When students exhibit behavioral problems and do not respond to other forms of discipline, schools can resort to exclusionary discipline—namely suspensions, where students are temporarily excluded from the classroom, and expulsions, where students are required to leave a school altogether.
In California, students can be suspended or expelled only for certain behaviors, following the regulations set by California Education Code 48900-48927.[1] For some categories of behavior, punishment is subject to administrator discretion based on the student’s past behavior, the feasibility of other options for punishment, and administrators’ predictions of future behavior (i.e., whether the administrator perceives that the student “causes a continuing danger” to themselves or others).[2] This kind of discretion allows for administrators to select alternate, less harmful types of punishment, consider extenuating circumstances, and otherwise try to help students who are subject to school discipline. However, if that discretion is applied differently across students, it also opens the door for discrimination and disparate impact.
Although exclusionary discipline works to quickly limit the impact of a misbehaving student on their classmates, it can inadvertently be harmful to the student. Suspension and expulsion remove the student from the learning environment and associated support structures, do not address the cause of the behavior, may aggravate problem behaviors, and are associated with juvenile justice involvement.[3] Studies and local data are consistent that students of color, particularly Black students, students with disabilities, male students, LGBTQ+ youth, foster youth, migrants, homeless youth, English learners, other marginalized groups, and the intersections of those populations are disproportionately subject to exclusionary discipline.[4],[5],[6],[7],[8]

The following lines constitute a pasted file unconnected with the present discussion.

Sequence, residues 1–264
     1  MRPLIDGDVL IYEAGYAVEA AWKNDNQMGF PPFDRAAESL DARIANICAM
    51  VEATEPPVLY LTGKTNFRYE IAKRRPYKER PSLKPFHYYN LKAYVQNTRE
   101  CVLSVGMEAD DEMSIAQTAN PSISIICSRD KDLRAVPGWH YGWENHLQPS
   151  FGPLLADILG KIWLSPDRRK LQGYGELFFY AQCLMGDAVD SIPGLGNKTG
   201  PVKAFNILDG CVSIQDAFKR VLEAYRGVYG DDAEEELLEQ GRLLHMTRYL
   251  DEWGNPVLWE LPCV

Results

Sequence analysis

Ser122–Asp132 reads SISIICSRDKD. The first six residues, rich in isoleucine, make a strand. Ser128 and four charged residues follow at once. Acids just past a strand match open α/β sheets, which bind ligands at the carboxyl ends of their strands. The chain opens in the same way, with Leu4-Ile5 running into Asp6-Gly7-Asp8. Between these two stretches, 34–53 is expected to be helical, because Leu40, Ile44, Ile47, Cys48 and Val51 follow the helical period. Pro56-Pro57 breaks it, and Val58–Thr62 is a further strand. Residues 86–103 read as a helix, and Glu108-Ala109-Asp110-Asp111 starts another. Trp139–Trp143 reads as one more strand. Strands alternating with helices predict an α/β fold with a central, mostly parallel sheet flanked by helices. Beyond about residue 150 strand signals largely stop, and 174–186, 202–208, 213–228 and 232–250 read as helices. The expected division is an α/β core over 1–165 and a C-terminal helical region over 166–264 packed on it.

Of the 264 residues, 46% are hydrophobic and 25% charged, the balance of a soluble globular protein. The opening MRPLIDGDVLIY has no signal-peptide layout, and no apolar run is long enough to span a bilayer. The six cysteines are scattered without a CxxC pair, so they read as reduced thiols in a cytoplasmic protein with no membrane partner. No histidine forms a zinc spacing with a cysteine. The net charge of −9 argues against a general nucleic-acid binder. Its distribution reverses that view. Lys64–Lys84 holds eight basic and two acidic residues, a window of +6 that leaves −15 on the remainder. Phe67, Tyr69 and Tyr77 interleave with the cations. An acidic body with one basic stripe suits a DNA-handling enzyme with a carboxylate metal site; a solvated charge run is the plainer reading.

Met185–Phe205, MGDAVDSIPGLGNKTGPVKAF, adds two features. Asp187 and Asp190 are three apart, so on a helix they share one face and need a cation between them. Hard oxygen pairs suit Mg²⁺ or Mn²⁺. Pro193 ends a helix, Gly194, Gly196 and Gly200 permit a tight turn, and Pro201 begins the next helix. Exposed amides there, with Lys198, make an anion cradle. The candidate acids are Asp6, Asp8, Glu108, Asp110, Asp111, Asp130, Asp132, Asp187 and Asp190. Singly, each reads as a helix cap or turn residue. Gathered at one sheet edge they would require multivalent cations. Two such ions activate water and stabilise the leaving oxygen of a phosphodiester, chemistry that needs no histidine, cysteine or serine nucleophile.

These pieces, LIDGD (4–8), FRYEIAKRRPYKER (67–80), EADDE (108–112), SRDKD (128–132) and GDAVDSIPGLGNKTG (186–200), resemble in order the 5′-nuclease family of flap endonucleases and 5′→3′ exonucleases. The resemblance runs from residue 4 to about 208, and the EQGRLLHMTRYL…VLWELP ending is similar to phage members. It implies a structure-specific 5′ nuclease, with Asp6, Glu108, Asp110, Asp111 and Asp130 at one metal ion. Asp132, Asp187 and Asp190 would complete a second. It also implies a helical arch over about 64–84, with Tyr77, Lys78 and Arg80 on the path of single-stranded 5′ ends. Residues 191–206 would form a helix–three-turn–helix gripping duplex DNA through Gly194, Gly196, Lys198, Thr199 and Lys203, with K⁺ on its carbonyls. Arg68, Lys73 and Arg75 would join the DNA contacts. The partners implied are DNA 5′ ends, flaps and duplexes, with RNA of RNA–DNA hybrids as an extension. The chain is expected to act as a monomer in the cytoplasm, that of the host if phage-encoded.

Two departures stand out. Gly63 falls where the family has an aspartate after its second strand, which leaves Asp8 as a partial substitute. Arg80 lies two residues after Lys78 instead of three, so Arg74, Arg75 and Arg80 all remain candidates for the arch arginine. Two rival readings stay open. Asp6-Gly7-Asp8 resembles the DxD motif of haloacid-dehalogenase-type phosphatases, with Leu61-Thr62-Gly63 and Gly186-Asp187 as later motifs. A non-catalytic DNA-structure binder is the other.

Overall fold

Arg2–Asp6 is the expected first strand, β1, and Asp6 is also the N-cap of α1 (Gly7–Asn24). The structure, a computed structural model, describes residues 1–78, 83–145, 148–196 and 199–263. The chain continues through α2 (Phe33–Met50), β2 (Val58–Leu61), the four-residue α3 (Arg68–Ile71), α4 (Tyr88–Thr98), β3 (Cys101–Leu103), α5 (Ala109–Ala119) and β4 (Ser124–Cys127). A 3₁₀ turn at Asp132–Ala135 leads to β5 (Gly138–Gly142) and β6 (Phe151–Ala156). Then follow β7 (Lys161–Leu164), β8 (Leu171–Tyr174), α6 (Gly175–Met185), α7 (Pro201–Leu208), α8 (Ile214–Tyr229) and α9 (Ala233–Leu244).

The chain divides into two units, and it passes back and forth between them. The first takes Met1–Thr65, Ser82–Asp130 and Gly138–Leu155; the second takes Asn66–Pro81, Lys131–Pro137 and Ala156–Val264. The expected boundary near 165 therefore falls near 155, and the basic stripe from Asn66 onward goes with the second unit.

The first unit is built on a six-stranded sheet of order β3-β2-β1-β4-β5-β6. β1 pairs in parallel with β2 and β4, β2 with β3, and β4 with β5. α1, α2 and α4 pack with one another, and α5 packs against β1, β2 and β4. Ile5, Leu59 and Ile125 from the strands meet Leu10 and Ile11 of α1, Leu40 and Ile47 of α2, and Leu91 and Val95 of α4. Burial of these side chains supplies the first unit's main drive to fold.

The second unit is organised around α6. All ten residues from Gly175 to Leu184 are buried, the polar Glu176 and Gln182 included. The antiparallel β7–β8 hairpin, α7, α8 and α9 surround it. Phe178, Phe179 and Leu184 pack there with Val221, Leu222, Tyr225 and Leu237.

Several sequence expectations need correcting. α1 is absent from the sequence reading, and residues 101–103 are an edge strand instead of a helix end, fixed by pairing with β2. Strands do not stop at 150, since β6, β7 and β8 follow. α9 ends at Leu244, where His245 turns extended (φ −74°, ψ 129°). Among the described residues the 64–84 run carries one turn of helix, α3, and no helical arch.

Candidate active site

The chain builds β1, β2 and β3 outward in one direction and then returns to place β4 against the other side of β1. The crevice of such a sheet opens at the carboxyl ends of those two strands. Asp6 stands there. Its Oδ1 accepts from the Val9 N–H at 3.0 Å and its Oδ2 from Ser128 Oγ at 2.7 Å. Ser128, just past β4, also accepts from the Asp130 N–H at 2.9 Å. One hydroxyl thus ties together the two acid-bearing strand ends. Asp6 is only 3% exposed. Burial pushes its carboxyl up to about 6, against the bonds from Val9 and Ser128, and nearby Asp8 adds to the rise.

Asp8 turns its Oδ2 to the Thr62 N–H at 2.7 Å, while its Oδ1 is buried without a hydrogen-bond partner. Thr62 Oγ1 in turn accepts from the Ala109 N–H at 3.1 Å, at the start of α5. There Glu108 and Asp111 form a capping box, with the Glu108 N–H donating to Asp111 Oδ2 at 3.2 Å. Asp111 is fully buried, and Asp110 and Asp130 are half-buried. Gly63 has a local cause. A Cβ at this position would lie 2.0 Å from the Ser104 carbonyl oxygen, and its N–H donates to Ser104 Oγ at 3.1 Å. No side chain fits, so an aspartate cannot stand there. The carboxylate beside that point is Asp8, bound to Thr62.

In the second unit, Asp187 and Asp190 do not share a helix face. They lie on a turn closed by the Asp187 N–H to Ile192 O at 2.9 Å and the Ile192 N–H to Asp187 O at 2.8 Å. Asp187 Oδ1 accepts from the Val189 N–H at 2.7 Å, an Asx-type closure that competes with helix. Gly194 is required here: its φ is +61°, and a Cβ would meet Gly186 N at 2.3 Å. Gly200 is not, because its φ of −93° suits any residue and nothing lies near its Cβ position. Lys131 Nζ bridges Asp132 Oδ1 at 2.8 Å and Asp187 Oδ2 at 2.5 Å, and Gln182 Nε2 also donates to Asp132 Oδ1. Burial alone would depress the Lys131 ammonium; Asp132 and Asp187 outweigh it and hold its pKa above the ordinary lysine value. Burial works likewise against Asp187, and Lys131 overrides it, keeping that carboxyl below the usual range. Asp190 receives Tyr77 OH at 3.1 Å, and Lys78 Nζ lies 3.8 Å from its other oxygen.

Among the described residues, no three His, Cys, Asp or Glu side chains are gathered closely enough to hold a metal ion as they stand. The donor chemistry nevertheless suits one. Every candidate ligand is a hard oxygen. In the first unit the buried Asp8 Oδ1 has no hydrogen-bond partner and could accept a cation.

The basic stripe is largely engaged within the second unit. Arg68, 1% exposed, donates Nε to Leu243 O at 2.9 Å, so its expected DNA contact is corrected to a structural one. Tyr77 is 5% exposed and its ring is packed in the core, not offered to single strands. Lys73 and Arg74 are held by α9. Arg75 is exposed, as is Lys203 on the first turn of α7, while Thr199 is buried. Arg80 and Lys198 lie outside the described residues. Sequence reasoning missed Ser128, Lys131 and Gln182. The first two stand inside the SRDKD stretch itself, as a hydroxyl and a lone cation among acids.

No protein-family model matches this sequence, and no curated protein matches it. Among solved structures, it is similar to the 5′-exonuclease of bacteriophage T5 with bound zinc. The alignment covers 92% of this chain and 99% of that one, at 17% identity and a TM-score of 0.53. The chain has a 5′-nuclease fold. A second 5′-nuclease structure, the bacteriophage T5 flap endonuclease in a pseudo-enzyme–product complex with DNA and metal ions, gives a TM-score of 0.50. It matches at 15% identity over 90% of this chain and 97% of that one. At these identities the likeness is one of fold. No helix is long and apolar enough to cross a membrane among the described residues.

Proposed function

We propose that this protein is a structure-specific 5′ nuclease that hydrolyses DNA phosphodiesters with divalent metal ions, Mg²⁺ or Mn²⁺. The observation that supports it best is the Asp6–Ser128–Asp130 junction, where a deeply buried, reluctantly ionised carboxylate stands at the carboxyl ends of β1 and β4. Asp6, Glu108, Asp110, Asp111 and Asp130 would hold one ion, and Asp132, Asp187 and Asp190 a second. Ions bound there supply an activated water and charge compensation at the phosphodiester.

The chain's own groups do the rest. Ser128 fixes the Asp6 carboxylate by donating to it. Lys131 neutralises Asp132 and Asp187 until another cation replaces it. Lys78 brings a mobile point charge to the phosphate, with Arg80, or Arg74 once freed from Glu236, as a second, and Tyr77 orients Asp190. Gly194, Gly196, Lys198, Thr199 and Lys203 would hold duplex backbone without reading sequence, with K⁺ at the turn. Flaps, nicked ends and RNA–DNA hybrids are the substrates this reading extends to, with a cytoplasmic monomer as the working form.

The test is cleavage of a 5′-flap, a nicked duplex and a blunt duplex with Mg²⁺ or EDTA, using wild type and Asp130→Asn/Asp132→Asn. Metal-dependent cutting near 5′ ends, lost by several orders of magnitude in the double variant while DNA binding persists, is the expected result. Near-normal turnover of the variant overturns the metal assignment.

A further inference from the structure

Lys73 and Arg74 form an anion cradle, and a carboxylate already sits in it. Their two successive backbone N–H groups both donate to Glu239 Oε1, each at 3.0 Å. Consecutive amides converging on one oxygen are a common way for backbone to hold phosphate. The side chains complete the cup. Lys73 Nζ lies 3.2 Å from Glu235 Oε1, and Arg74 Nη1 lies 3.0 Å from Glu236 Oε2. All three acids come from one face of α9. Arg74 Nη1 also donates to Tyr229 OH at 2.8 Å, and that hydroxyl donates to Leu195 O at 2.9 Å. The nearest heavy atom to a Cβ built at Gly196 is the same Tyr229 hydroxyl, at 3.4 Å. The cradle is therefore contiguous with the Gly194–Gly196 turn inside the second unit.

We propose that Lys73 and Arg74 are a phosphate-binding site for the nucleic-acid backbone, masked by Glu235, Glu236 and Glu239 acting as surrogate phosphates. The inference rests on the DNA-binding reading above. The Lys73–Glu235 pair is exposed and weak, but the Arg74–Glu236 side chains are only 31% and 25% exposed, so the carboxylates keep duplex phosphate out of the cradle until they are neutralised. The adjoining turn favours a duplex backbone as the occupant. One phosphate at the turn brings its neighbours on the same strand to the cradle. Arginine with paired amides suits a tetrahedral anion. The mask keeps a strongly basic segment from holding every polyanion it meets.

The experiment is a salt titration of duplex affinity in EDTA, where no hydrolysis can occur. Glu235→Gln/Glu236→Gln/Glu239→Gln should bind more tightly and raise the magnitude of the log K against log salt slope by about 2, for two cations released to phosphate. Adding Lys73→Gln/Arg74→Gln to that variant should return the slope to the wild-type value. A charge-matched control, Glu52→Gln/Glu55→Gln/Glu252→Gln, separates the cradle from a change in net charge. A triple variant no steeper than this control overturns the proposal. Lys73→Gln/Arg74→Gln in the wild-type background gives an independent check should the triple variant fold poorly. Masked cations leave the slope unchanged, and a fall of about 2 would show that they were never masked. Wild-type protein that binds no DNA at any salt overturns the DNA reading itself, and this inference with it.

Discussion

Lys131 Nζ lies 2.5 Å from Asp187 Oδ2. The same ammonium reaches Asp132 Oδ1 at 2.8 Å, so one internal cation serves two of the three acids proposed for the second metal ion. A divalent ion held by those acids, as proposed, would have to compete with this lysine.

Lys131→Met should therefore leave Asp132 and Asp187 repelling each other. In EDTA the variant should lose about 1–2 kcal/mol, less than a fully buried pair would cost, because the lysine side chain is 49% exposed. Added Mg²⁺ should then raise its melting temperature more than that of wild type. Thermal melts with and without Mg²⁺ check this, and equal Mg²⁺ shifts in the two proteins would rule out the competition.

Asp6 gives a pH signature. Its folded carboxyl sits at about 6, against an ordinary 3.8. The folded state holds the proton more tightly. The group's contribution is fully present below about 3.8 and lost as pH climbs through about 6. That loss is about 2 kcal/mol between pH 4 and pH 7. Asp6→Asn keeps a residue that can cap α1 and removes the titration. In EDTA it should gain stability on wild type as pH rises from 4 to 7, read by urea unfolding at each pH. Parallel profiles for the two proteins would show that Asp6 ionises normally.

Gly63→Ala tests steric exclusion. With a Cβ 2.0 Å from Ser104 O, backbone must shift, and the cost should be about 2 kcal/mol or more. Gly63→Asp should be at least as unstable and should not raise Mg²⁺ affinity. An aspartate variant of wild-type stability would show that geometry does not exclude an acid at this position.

The California Department of Education released State Guidance for New Laws on Discipline in August 2021 that aims to reduce negative consequences of exclusionary practices by informing educators of new laws that encourage alternatives to suspension and support school environments that are beneficial for all. Other recent state legislation prohibits suspension for willful defiance or disruption for students in kindergarten through eighth grade[9] and requires schools to provide students with homework upon request when they are suspended for two or more school days.[10]  The 2021 guidance encourages schools to use suspension as a last resort, provide support for correcting behavior in lieu of suspension, reduce or eliminate the use of suspension against students who are absent or late, and implement restorative justice and trauma-informed practices.[11] Some of these practices were already being utilized locally. In 2020, San Diego Unified School District implemented a restorative discipline policy aimed at encouraging pro-social behavior among students, reducing disparate impacts of discipline policies by race, and increasing awareness of ways that behaviors can be influenced by trauma, disability, and cultural differences.[12]
It may be difficult to evaluate the impact of these state and local changes due to the impact of the COVID-19 pandemic, which resulted in physical school closures starting in February/March 2020 and widespread distance learning in the following academic years.[13] Caution should be exercised when comparing discipline data across recent academic years.